Navigating a Flat Yield Curve
January 30, 2019
As the New Year gets underway, management teams and CFOs have already started thinking through the various x-factors that could impact earnings in 2019. At the top of the list for many decision-makers is a flat yield curve.
The potential of a flat Treasury yield curve has been looming for quite some time. In February 2018, one of our blog posts addressed how credit unions were finding opportunities in a narrowing yield curve. Since then, short-term rates have continued to increase, while long-term rates have decreased, resulting in a nearly flat Treasury yield curve.
While a flat Treasury yield curve can put pressure on earnings, credit unions are still proactively searching for opportunities within this rate environment. In particular, some institutions are viewing a flat yield curve as a great opportunity to restructure or tilt the balance sheet based on their interest rate risk profile. Below are a few examples.
Consider a credit union that feels it is positioned well for the current and down rate environments, but is concerned about its risk if the rate environment were to increase materially. The credit union focuses on the investment portfolio in which it could reinvest excess liquidity into longer-term agencies, as it has done for years, or keep the funds in overnights to offset the risk of rates rising.
Years ago, the credit union would have been giving up a lot of earnings by not reaching out on the yield curve. The yield curve and rate environment reflect a different picture today.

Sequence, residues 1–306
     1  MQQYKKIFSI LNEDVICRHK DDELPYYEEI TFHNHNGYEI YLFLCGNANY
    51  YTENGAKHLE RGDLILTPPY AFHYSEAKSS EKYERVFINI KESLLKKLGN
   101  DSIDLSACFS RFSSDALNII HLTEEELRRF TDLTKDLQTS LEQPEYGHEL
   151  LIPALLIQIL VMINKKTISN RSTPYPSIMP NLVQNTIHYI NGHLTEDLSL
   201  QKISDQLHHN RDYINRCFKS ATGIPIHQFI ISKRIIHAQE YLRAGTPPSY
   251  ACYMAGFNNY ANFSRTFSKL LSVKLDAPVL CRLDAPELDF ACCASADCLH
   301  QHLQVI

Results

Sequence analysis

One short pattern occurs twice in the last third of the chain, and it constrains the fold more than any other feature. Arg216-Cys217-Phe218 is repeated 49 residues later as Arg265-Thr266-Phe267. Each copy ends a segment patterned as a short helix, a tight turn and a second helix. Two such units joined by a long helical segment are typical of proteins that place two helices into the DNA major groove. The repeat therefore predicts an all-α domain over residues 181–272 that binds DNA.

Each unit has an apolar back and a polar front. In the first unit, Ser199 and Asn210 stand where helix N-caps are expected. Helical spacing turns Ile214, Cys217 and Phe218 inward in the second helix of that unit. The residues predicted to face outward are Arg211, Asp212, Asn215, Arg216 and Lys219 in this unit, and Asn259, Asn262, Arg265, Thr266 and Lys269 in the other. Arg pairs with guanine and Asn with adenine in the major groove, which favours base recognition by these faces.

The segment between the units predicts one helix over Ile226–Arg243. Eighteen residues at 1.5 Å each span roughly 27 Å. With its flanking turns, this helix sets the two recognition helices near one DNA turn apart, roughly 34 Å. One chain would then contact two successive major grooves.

Assuming the credit union is comfortable with the risk/return trade-off should rates head back down, current rates provide a unique opportunity to shift the balance sheet, lowering risk in higher rate environments without giving up much in earnings today.
Credit unions are also closely evaluating their lending strategy in this unique yield curve. Similar to the investment example above, years ago some credit unions gave up a lot of revenue focusing only on auto loans, ignoring mortgages. However, this is a new rate environment and yield curve. Mortgage rates have decreased over the past few months and some credit unions are discovering their auto new volume yields are actually higher than mortgage yields. After incorporating credit risk, it could be a situation where the net yield (yield – credit risk) is roughly the same between the two products.
Given the +300 basis point value change and interest rate risk that often comes with mortgage loans, the table below helps show how autos can have a materially better risk versus return trade-off in today’s economic environment.
Regardless of the rate environment, decision-makers need to understand environments where they are positioned well and the potential weak spots. Opportunities can be found with a good understanding of the risk profile.
The following blog post was written by c. myers and later published by CUES on February 14, 2019.